Telos is about purpose and action towards goals. Ethos is about the guiding principles, values and beliefs of people or an organisation.
It’s the ethical dimension at the heart of what a firm does that is shown in a myriad of choices. A firm’s ethos is shown in its instinctive response to threat or opportunity. Ethos is about outlook on how the world is and how the firm fits into the world and contributes to the world. Ethos is also a mentality – for example of seeing abundance (glass half full) rather than scarcity (glass half empty). The ethos of a firm frames the choices it makes and the objectives it is preoccupied by.
Jeff Goldblum in the movie Jurassic Park says: ‘your scientists were so preoccupied with whether or not they could, they didn’t stop to think if they should.’ Ethos is about how a firm answers the should questions.
Soulless firms are preoccupied with asking ‘how can we make money’ while soulful firms ask ‘what should we do with all the opportunities and resources we have and in the process make money?’ Should doesn’t ignore could, but refines it. As a result people work for the firm, supply the firm and buy from the firm with an understanding of purpose they can relate to – the firm’s telos has ethos.
More than reporting clarifies the should as well as the could. What does that mean? It means reporting the ethical commentary on the financial activities. Explaining the values driving choices of which coulds we turned into a shoulds and why. This type of reporting goes beyonf marketing spin, it’s about reporting ‘this is our thing.’ It’s about reporting what is at the heart f the firm – the story which shapes the actions taken day by day.
Charis is a Greek word for grace, favour, kindness. Grace is about unmerited favour that goes beyond duty-bound expectation. Grace is received with a ‘why me’ delight that gives what the person needs but often can’t provide for themselves. Grace therefore is transformative rather than simply transactional.
In the story of Cinderella, her mother on her death bed tells her daughter to have courage and be kind. This is described as ‘a great secret’ that has ‘more power than you can know.’ The Disney version of the story rightly emphasises this message of strength and kindness being held onto in spite of opposition and the moral of the tale is quite clearly that kindness prevails and shines through as Cinderella forgives her step family and lives happily ever after with her prince. What is interesting is how the phrase ‘a Cinderella story’ has come to mean a rags to riches tale rather than the prevailing benefit of good character. Cinderella’s story of character from hardship into happiness has been repurposed in a culture where getting rich is preferred to giving grace. Soul-full firms have a true Cinderella story of keeping to their principles of kindness and enjoying the joy and happiness that brings. Is that just a fairy tale or is ‘doing the right thing even when it’s hard’ a remarkable reality worth reporting?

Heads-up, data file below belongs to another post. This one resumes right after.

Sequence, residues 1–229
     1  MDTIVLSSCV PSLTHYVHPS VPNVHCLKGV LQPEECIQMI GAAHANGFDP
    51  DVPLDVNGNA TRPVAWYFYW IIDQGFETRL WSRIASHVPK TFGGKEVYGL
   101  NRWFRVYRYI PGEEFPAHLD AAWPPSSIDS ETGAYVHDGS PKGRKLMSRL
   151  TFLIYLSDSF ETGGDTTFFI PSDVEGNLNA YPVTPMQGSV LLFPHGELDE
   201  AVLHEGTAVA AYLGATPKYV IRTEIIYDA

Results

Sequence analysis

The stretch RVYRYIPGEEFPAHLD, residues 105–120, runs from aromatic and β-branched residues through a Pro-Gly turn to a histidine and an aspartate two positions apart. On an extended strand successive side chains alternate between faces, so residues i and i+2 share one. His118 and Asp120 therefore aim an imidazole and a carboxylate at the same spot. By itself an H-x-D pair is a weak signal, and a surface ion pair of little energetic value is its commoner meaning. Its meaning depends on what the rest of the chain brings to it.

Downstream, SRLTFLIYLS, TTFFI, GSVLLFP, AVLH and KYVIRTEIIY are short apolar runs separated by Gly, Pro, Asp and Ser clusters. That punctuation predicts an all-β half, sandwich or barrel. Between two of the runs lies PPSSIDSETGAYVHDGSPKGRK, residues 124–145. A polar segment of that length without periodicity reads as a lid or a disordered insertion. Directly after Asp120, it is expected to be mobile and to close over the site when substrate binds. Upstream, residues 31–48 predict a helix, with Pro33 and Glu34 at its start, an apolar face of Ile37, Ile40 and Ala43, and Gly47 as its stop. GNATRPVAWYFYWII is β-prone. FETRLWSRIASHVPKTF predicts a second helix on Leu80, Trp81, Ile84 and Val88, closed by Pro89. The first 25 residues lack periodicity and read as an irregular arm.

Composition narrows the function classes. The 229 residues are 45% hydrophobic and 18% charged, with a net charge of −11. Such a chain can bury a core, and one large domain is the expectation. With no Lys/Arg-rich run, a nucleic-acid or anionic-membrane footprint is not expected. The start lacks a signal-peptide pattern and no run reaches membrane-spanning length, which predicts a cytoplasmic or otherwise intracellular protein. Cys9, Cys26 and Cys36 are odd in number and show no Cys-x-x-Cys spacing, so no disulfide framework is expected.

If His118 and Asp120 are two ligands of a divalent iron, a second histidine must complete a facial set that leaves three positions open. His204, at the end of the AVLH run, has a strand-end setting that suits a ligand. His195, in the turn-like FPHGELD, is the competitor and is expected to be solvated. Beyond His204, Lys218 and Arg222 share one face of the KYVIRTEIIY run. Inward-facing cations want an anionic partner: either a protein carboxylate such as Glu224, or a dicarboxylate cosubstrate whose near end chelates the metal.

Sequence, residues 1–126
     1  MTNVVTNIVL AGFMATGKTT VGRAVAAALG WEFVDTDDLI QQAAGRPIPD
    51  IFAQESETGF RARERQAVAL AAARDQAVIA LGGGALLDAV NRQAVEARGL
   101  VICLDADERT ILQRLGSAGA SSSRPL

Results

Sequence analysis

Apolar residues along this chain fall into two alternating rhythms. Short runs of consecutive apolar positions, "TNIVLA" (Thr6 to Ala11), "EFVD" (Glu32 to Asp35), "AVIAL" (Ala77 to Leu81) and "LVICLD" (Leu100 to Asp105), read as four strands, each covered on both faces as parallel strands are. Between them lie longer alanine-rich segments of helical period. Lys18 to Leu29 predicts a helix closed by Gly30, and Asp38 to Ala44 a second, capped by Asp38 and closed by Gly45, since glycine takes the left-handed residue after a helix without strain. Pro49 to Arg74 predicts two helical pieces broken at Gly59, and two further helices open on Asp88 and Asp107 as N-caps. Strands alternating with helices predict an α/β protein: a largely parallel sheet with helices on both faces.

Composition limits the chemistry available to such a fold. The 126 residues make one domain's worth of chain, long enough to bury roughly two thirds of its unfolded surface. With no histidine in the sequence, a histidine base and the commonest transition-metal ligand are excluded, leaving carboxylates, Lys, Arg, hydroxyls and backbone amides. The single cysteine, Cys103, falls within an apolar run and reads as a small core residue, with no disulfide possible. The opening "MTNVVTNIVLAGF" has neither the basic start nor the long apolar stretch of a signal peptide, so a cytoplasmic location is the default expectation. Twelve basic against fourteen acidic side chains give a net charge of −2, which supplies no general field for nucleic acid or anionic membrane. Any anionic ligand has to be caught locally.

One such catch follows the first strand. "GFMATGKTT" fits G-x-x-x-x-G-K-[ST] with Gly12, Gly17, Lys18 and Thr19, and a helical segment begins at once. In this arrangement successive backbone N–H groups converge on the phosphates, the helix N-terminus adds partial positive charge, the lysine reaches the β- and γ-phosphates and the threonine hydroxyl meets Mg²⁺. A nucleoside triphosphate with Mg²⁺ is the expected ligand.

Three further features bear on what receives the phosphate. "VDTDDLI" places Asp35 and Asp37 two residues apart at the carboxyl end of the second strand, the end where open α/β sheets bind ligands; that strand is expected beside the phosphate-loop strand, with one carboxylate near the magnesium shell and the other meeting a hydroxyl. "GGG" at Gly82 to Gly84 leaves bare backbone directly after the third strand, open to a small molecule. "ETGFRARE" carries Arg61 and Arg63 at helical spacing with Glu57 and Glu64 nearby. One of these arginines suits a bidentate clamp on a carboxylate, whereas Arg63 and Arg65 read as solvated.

Looking at the charis of a firm recognises that a corporation isn’t just a faceless limited liability legal entity vehicle for maximising shareholder value. It’s more than that – it’s a cooperative of people. We are made as human beings to depend on other human beings. We are completely dependent at birth and in our early years and mostly become highly dependent on others as we approach death and our twilight years – but for most of our life we think we can be independent. But a corporation is a vehicle for human cooperation and functions well when that cooperation is enabled and encouraged.
So what does that mean in terms of reporting? It means reporting at a level of human relationship – reporting on how as a firm we understand people and how that understanding shapes our products and processes. More than reporting isn’t about PR meaning public relations but PR meaning people relationships.
This topic fascinates me and I’m just beginning a three year research project into what makes companies not just financially profitable but soulful – soulful companies are more than the archetypal cash cow of the Boston Consulting Group’s strategy matrix.
Soulful enterprises share 3 factors: creativity, generosity and humanity
The advantage of these three factors of Soulful Enterprise is that they can all be measured by looking at specific behaviours. And by measuring behaviours and business practices we can report on the telos, ethos and charis of a firm as well as the techne.
And not just report on but celebrate. An annual report that tells me a story of how the world is being changed for good is a more-than document I’d read and be inspired by!